This morning I will try to get into a new box of Kellogg's Corn Flakes. It will be simple enough to open the box, but the plastic sack with the corn flakes promises to be an awful frustration. Human hands cannot rip or squeeze open that sack. I will have to use scissors or knife.
Such frustration is not necessary. The Kellogg brothers first marketed corn flakes 105 years ago. If their successors cannot simplify their packaging, we should turn to the despair of eating oatmeal.
Opening everything is a conspiracy. The struggle is a cruel distraction to take our minds off the high price we must pay for all goods.
Jars of everything, pickles to peanut butter, are becoming tougher to open. That is another ploy because now they are selling grippers that are supposed to make it easier to open jars.
Those grippers, like every other thing you buy, will be in thick plastic packaging that dares you to break through. Everything is in impenetrable plastic. A friend bought new door knobs that were sealed in such thick plastic that he had to use a hacksaw to open the package.
Nothing is spared. A tiny battery is so encased in bulky plastic - 10 times the battery's size - that it could take an ax to get at it.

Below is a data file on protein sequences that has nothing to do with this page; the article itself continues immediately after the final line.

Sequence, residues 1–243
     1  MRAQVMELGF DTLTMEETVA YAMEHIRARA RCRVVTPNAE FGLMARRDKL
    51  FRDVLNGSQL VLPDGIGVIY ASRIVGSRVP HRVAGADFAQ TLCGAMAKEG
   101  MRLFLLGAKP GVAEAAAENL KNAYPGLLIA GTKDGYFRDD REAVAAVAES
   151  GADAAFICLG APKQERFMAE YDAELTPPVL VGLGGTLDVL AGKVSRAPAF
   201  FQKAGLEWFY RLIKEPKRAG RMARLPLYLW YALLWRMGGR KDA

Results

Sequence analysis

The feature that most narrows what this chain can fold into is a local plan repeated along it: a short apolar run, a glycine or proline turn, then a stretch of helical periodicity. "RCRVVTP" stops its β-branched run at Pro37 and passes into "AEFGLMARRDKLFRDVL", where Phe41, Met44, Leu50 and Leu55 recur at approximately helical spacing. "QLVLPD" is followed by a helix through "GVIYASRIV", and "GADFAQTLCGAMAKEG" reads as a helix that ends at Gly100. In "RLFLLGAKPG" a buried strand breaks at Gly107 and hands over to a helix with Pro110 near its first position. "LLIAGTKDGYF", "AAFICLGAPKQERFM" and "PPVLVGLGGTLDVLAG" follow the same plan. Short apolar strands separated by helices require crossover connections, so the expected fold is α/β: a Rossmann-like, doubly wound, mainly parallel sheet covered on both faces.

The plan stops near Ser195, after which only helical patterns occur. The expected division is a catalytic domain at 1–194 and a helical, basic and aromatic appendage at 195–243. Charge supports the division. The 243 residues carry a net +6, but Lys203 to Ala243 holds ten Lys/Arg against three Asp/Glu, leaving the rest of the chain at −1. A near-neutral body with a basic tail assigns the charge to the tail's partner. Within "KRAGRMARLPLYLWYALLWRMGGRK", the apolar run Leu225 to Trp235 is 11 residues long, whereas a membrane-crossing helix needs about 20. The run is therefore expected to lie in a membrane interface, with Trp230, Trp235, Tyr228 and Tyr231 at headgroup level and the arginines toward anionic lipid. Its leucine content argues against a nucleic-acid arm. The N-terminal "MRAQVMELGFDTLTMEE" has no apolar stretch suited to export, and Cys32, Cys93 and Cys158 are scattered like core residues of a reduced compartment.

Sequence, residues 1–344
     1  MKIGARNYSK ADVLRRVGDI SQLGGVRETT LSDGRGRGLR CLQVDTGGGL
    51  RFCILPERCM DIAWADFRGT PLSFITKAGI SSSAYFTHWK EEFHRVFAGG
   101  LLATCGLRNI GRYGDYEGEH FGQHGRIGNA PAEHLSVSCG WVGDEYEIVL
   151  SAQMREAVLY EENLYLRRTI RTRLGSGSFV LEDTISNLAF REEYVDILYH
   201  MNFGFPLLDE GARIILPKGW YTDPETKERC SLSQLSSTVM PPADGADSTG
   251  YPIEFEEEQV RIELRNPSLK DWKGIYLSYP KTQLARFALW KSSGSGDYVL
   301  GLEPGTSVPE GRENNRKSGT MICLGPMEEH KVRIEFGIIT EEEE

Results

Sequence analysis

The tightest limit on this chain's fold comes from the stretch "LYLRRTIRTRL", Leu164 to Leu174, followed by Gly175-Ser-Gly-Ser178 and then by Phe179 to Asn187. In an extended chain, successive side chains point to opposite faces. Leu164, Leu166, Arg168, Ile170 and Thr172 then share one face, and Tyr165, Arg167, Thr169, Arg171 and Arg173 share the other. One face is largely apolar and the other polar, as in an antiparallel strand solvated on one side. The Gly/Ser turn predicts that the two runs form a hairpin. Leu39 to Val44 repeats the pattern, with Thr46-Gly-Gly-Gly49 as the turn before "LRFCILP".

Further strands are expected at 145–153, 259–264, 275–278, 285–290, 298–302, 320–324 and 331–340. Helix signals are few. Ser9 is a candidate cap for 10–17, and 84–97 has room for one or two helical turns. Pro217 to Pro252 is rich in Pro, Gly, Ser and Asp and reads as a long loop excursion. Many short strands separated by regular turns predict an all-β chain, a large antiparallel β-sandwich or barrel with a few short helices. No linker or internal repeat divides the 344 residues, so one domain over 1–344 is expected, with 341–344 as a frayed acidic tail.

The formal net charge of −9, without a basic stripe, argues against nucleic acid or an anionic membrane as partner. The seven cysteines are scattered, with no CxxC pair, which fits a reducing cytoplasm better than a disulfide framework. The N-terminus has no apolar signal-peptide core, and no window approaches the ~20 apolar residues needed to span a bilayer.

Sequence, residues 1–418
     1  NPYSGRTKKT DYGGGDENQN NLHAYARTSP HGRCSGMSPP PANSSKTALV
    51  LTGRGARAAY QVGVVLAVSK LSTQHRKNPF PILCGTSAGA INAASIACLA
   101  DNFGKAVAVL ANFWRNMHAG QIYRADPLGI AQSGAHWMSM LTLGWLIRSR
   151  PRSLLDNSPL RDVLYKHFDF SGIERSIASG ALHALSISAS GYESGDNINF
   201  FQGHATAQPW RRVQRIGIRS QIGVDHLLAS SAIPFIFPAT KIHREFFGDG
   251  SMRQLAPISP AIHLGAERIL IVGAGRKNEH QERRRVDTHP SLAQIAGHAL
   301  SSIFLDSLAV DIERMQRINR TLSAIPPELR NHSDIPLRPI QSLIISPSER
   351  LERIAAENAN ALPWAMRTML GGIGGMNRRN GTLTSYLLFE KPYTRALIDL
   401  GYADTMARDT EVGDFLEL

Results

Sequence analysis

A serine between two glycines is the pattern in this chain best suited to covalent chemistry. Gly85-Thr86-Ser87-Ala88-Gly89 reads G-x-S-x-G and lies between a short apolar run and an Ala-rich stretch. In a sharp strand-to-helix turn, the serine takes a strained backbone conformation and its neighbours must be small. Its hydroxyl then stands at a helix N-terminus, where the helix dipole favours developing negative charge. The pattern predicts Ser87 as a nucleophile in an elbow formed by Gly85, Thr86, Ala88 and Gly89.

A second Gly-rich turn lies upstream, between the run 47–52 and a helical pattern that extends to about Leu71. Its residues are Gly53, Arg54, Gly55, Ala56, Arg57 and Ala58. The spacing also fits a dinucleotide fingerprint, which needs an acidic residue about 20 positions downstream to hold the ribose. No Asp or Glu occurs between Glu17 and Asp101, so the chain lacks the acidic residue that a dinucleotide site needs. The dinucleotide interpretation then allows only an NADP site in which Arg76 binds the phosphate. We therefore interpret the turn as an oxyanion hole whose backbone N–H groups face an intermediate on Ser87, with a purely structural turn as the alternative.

Few things are more irritating to open than CDs. There is no way to get off the plastic wrapping unless you rub it on something with texture, like your sidewalk. Once the plastic is off, there is the challenge of getting to the CD. I did not play my latest Tony Bennett for three days because I couldn't figure out how to open the case.
There is no excuse for the makers of salted crackers to seal them so tightly into packs of four waxy paper tubes to a box. They have done that since the 1870s. By the time I have wrestled open a tube of saltines, the crackers at the top have crumbled. The rest cannot be extracted by fingers without breaking them up. If we can get to the moon, can't someone package crackers so they don't break into pieces when a hungry luncher is trying to get them out to go with tomato soup?
Plastic bags of munchies are a torment. I give up trying to pull open the top. In desperation I usually pop the package. The chips or pretzels then explode all over.
Pet owners say the packaging of cat and dog food is cruel. The tops of sacks and their tricky strings are a misery.
For safety's sake, it's OK to hermetically seal medications. But I shudder to open a new bottle of headache killer. First, you line up the cap and an arrow to pry it open. Not easy. Then, there is a tightly glued foil seal. Beneath that, the ball of cotton takes a tweezers to extract. By then, my headache is gone.
Even Uncle Sam can be accused of packaging torment. I just bought a roll of postage stamps that was so tightly bound I wrecked the first couple of stamps just peeling off the cellophane.
Contact Bill Wundram at 563-383-2249 or firstname.lastname@example.org.